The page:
to have been directly involved.
- Compiled from
Daily wire reports.

Feds trying to
quiet anti-war
advocates,
attorney says

OHN AMIS/POOL/AP
Bishop Eddie Long, left, prepares to speak at a news conference yesterday at New Birth Missionary Baptist Church in Atlanta.
Long has been accused of luring four young men into sexual relationships.
Ga. pastor vows to fight
sexual abuse allegations

'I'll fight like David
battled Goliath,'
megachurch pastor
says of charges
LITHONIA, Ga. (AP) - Cast-
ing himself as the Bible's ultimate
underdog, Bishop Eddie Long
went before thousands of faith-
ful supporters at his megachurch
yesterday and promised to fight
accusations that he lured four
young men into sexual relation-
ships.
"I feel like David against Goli-
ath. But I got five rocks, and I
haven't thrown one yet," Long
said in his first public remarks
since his accusers filed lawsuits
last week claiming he abused his
"spiritual authority." He stopped
short of denying 'the allegations
but implied he was wronged by
them.
"I have never in my life por-
trayed myself as a perfect man.
But I am not the man that's being
portrayed on the television. That's
not me. That is not me," he said.
Long's brief addresses to the
congregation at New Birth Mis-
sionary Baptist Church were met
with thunderous applause and an
outpouring of support during ser-

vices that were equal parts part
rock concert and pep rally. The
sanctuary was nearly filled to its
10,000-seat capacity for both the
8 a.m. and 11 a.m. services. Many
lined up two hours before the
doors of the church opened.
Long became one of the coun-
try's most powerful indepen-
dent church leaders over the last
20 years, turning a suburban
Atlanta congregation of 150 to
a 25,000-member powerhouse
with a $50 million cathedral
and a roster of parishioners that
includes athletes, entertainers
and politicians. And there was
almost no sign yesterday that his
flock wanted to turn him away.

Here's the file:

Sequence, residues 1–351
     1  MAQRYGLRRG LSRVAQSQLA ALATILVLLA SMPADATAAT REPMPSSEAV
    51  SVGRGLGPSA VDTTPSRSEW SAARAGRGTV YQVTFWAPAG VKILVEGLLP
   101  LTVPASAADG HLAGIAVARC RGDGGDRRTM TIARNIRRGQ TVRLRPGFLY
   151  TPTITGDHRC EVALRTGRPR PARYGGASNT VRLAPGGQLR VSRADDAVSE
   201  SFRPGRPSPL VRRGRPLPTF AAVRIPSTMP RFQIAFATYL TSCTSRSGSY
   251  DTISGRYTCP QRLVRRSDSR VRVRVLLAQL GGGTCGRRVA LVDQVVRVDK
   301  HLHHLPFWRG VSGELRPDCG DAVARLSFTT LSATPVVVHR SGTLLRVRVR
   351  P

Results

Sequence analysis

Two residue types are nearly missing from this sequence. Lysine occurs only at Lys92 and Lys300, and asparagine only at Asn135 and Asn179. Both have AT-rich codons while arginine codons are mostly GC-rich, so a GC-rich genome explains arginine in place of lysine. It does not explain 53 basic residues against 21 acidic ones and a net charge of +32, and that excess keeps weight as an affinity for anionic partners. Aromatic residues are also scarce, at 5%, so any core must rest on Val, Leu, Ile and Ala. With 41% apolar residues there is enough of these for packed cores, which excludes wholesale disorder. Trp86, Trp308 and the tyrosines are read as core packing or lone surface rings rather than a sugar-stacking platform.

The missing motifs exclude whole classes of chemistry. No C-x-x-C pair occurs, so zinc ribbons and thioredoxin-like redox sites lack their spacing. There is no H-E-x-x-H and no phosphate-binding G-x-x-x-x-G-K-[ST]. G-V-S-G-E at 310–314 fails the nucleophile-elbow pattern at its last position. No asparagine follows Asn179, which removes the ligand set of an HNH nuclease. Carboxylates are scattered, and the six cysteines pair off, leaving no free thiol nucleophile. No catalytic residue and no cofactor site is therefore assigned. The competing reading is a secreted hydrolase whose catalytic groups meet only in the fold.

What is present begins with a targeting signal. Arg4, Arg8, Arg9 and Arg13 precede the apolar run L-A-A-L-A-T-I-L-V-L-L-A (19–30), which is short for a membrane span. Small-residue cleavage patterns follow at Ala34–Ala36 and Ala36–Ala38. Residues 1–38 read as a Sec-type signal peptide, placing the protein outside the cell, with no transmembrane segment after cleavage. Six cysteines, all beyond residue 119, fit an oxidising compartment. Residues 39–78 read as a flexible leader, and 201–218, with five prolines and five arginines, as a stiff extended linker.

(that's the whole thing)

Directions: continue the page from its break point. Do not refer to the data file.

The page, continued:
Followers prayed, sang and
embraced one another as they ral-
lied around their senior pastor.
Wearing a cream-colored suit as
he strode into the church sanctu-
ary hand-in-hand with his wife,
Vanessa, Long paused to soak in
the adoration.
During the second service,
however, one young man in a blue
shirt stood up and shouted: "We
want to know the truth, man!" He
was quickly escorted out and did
not return.
After the service, many
expressed unwavering support
for their leader.
"We know and we love Bishop,"

said Annie Cannon, a seven-year
member of New Birth. "We love
our place of worship. My son goes
to school here. We do everything
here."
It is unclear whether Long
faces any risk of being removed by
his church's board, but the allega-
tions at the very least guarantee
months of scrutiny as the lawsuits
move forward.
Long is a father of four who
has been an outspoken oppo-
nent of gay marriage and whose
church has counseled gay mem-
bers to become straight. Two
young men say he groomed
them for sexual relationships
when they were enrolled in
the church's LongFellows
Youth Academy, a program that
taught teens about sexual and
financial discipline. Two other
young men - one of whom
attended a satellite church in
Charlotte, N.C. - have made
similar claims.
The men say they were 17 or
18 when the relationships began.
Federal and state authorities have
declined to investigate because
Georgia's age of consent is 16.
"I've been accused. I'm under
attack. I want you to know, as
I said earlier, I am not a per-
fect man," Long said. "But this
thing, I'm going to fight."

Remarks come after
FBI raids in anti-war
activist's home
CHICAGO (AP) - FBI agents in
Chicago took a laptop and docu-
ments from the home of a Palestin-
ian-American anti-war activist in